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Setting Up A Sugar Glider Cage

June 1, 2022
Are you adopting a sugar glider? Congrats! These guys are very cute and lovable pets. As it turns out, setting their cage up properly may be half the battle when it comes to taking good care of them! A local vet offers some tips on that in this article from Arapahoe Animal Hospital, your Boulder, CO veterinary clinic, serving Louisville and surrounding areas.

Sizing

The smallest standard size that is suitable would be a 24″W x 36″H. However, the bigger the better! Since sugar gliders love to climb, you’ll need more vertical space than horizontal.

Bar Spacing

Gliders can fit through some pretty small spaces! We recommend getting a cage with bars spaced a half-inch apart. This will keep your tiny buddies from escaping or, worse, getting stuck.

Location

Sugar gliders are nocturnal, so you don’t want to put their cage in a bedroom. Don’t put the cage in direct sunlight, right in front of a TV or speaker, or close to heat sources, fans, or air ducts. Your cute pets will be happiest in a quiet spot where they can see and hear you without feeling too exposed. Choose a room that stays above 65, as otherwise they may get too cold. (Tip: put the cage on a table to give your gliders the height they love.)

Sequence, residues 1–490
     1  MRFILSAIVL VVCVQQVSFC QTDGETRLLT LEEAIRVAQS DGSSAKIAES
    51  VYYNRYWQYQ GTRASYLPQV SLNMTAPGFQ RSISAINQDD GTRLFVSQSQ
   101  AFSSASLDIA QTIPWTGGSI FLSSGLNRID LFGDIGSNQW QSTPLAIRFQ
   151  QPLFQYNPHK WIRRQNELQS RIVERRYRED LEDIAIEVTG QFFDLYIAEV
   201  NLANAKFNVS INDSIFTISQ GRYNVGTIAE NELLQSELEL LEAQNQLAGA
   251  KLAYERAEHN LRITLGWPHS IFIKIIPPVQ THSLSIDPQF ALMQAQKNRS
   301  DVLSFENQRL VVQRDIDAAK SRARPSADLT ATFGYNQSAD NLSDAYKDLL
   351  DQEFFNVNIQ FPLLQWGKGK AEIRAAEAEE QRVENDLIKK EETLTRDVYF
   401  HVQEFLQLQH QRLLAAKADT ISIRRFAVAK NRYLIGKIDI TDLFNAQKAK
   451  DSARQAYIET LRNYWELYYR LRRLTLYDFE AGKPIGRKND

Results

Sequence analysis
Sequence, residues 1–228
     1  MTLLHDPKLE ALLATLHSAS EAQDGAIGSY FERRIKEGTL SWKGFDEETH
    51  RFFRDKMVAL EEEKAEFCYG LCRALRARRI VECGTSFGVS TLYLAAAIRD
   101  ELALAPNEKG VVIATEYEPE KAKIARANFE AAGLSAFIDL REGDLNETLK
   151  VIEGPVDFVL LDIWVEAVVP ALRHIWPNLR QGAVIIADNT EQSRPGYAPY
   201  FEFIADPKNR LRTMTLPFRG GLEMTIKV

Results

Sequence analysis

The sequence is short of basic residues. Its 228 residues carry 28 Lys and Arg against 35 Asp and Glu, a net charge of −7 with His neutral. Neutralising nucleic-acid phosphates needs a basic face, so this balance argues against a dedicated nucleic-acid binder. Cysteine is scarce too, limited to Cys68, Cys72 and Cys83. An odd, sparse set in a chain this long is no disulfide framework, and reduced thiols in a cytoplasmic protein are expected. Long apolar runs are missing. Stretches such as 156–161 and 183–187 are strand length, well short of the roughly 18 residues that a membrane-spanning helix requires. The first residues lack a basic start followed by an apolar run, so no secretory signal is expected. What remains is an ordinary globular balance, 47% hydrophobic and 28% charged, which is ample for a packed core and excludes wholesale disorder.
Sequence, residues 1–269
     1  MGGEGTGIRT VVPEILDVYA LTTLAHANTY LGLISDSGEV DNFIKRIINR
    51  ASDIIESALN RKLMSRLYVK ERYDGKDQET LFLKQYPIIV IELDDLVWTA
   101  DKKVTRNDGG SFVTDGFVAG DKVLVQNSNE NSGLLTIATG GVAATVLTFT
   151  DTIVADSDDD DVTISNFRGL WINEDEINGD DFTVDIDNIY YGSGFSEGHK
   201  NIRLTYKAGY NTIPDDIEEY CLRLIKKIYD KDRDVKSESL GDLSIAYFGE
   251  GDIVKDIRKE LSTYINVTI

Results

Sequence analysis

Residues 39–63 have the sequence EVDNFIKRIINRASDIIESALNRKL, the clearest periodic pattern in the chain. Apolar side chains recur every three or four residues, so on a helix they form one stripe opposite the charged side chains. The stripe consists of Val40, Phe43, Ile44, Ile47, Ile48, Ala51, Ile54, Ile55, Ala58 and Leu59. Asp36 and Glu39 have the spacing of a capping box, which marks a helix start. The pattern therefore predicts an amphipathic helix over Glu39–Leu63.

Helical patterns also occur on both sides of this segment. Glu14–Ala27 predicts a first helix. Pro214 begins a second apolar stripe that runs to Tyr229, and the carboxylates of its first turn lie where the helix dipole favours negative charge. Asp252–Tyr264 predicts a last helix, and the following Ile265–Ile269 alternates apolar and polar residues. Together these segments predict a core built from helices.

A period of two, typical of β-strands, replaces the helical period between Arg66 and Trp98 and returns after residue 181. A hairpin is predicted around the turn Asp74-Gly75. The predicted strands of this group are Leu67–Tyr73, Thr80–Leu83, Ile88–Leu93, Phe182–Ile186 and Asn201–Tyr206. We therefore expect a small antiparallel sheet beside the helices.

Material

A birdcage may sound ideal, but some wire cages can injure your pets’ tiny feet. Choose something that has been powder or enamel-coated. Vinyl is also a good option.

Bedding

Choose something made specifically for gliders. Some options are non-treated wood shavings, shredded newspaper, or commercial liners or substrate. Check with your vet before using anything else, as many popular substrates are toxic to gliders.

Security

Sugar gliders are tiny, adorable, escape artists. You’ll need a lock!

Toys/Accessories

Provide lots of hammocks, pouches, swings, ladders, and tents. Sugar gliders also enjoy playing on things like branches, (large) rings, bells, and bridges. Want to pamper your pet? Make them a climbing wall!

Food/Water

Get a few dinnerware sets. Clip one to the side of the cage. The other can sit on the cage bottom. That one can be a backup, and can also be helpful for young or just-moved-in gliders. Do you have questions about sugar glider care? Contact Arapahoe Animal Hospital, your Boulder, CO veterinary clinic, serving Louisville and surrounding areas.
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